Current TV host and former Michigan governor Jennifer Granholm writes at HuffPo:
In November, five million eligible voters will find it harder to exercise their rights in America — 150 voter suppression laws have been introduced in 30 state legislatures across the country.
The most common tactics: requiring photo ID, restricting registration drives, limiting early voting and imposing onerous residency requirements. Who do these laws most directly affect? The poor, the elderly, minorities and the young. And how do those groups typically vote? Democratic.
What she calls “treasonous,” I call the Canadian model of voter identification. From the Elections Canada website:
I’m homeless. How do I vote?
Eligible electors who are homeless or have no fixed address are welcome to register and vote.
Everyone who votes must prove their identity and address. This page lists all the types of proof of identity and address accepted at the polls.
Here are some of the ways you can prove your identity and address at the polls:
To prove your identity (name), you can show a piece of ID with your name on it, like a fishing license, library card, social insurance card (SIN card), birth certificate or Veterans Affairs Canada Health Identification Card.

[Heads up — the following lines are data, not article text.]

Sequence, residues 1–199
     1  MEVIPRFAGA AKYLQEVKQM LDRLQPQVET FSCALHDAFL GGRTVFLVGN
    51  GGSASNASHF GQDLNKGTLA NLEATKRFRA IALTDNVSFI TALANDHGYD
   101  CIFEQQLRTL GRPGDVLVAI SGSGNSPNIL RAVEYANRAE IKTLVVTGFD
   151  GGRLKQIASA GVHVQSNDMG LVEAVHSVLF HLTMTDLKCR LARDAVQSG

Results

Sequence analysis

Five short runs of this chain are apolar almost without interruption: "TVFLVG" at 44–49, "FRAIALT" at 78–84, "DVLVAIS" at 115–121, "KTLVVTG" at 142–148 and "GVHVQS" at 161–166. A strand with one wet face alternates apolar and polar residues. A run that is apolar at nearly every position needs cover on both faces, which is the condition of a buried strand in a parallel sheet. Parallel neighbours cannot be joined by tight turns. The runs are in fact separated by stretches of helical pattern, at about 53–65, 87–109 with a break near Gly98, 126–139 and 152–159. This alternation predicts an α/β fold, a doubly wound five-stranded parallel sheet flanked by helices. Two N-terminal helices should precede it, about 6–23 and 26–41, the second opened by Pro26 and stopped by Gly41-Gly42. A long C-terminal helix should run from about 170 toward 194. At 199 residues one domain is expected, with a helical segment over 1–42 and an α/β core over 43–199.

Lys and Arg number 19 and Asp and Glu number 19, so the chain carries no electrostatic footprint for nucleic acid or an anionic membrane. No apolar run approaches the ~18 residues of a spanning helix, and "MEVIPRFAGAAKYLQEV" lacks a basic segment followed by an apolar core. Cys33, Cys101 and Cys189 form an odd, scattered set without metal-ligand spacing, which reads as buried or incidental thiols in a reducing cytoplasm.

To prove your address, you can show an official letter called an “Attestation of Residence.” If you have gone to a shelter for food or lodging, you can ask the shelter administrator for this letter.
If you don’t have documents to prove your identity and address, you can take an oath and get someone you know to vouch for you. That person has to be an eligible elector in the same polling division as you, and he or she must show authorized documents that prove his or her identity and address.
For more information, please contact Elections Canada at 1-800-463-6868.
Are these Canadian rules treasonous, too?